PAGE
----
We have concluded the trial court erred in finding the access fee was a tax in violation of article XIII A. We note the court reached its decision by “reverse logic,” i.e., if the fee did not meet the requirements of section 50076, then it must be a special tax. That is not the proper approach in this case. If the fee is not the type of exaction which article XIII A was designed to reach, then resort to sections 50075–50077, the enabling legislation for the article, is unnecessary.
In other words, the fee need not, as the trial court felt necessary, be “reasonable” in the section 50076 sense of bearing a direct “relationship to the reasonable cost of providing the service, i.e., access of Alamo to airport roads.” However, that is not to say there is no standard for review of fees imposed by the Board in this instance. Although not subject to the restrictions of article XIII A in determining the fees to be allocated to commercial entities which use the Airport for economic benefit, the Board may not act arbitrarily.7 In particular, it is only authorized, pursuant to the county code, to maintain the Airport “through the imposition of fair and reasonable rentals, fees and charges.” (Emphasis added.) This, then, is the standard which the court should have utilized. Does “fair and reasonable,” however, relate to Alamo's physical use of the facilities or to the profit it reaps from the Airport passengers?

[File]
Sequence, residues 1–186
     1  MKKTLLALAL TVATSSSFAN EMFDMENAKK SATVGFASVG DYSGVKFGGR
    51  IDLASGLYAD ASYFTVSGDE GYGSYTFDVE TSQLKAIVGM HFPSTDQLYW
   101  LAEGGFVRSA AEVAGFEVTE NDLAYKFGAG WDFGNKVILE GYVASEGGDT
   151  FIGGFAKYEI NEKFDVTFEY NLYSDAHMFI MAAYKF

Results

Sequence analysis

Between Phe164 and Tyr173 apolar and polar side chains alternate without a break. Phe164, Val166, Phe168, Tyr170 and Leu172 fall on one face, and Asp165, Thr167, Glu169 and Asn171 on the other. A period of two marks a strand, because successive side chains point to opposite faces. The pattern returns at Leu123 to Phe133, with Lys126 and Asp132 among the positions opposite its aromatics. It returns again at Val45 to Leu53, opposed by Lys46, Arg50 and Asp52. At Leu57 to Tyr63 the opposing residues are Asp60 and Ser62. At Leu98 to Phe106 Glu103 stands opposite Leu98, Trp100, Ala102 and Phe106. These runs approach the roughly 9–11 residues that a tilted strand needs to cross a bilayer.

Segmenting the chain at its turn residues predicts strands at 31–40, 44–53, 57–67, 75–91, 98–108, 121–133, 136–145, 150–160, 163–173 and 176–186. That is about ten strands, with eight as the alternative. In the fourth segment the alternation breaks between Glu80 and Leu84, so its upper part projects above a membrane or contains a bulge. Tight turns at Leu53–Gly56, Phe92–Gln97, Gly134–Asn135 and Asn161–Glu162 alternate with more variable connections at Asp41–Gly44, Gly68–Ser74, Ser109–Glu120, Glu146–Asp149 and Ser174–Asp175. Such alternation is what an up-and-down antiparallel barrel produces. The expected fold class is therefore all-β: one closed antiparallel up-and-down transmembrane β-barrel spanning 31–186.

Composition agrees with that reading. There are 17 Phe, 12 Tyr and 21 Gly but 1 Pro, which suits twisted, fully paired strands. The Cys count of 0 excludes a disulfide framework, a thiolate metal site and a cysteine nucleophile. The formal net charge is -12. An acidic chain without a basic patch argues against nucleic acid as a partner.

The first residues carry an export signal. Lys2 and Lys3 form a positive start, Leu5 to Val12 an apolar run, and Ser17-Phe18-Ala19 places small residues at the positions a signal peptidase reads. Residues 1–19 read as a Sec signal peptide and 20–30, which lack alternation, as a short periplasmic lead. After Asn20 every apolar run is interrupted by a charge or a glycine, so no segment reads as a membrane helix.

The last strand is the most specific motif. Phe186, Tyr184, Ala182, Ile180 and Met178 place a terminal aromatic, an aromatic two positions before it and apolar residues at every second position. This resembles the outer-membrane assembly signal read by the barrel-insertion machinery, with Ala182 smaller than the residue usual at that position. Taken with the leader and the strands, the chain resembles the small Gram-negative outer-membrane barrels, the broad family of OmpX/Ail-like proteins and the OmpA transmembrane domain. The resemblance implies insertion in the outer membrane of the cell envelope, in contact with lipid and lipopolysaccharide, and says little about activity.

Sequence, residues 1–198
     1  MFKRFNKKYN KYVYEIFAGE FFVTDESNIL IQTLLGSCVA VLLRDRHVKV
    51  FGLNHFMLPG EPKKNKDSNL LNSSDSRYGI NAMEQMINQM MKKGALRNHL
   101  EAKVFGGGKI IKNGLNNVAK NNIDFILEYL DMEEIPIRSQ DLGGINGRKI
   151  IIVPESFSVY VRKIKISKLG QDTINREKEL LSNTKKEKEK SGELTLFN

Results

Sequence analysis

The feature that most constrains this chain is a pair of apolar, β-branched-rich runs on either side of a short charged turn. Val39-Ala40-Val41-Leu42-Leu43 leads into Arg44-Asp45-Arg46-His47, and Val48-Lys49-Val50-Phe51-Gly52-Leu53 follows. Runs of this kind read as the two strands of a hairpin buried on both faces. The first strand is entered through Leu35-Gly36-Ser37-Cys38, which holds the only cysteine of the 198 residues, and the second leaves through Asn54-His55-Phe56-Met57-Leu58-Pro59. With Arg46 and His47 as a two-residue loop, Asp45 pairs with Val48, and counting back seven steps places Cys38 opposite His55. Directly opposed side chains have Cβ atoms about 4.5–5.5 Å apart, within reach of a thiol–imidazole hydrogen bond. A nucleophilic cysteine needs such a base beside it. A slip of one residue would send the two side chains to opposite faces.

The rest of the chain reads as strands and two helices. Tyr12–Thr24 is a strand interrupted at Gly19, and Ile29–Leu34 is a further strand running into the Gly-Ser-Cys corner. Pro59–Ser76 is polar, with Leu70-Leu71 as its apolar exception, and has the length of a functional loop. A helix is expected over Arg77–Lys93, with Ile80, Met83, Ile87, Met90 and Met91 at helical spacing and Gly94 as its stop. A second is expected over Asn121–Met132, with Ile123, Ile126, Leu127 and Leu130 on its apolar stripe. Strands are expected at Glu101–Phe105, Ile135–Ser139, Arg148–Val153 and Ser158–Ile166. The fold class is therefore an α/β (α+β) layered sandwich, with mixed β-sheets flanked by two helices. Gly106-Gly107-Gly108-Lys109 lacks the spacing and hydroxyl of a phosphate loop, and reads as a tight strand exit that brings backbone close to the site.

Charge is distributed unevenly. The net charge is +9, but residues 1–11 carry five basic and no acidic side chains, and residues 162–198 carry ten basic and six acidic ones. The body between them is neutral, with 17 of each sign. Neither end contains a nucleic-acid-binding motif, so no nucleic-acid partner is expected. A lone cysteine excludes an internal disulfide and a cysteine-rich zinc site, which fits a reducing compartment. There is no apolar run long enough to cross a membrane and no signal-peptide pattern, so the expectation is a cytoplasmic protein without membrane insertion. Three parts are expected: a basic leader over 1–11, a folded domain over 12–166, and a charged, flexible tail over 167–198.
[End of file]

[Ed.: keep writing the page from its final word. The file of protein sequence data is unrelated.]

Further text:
Other state courts have been called upon to address charges imposed on off-airport businesses. In Airline Car Rental v. Shreveport Airport Authority (W.D.La.1987) 667 F.Supp. 303, an Avis licensee objected to a seven percent fee imposed on non-tenant rental car businesses by resolution of the airport authority. The resolution stated its purpose was to retire construction debts, pay for operation and maintenance of the airport and generally protect the health and welfare of the traveling public. The court upheld the summary judgment granted to the airport authority against the licensee's claims that the enabling resolution was “in violation of state and federal Equal Protection Clauses, in violation of state and federal anti-trust laws, and without lawful authority.” (Id., at p. 305.) The court sanctioned the authority's desire to protect the revenue derived from the on-airport rental companies, i.e., imposing fees on off-site companies “would discourage current tenant rental car businesses from transferring their operations to off-premises locations.” (Id., at p. 309.) Thus, raising additional revenue for maintenance and operation is important, but of necessity the airport authority must consider “protection of a significant and established source of revenue used to operate and maintain the airport.” (Id., at p. 312, emphasis added.)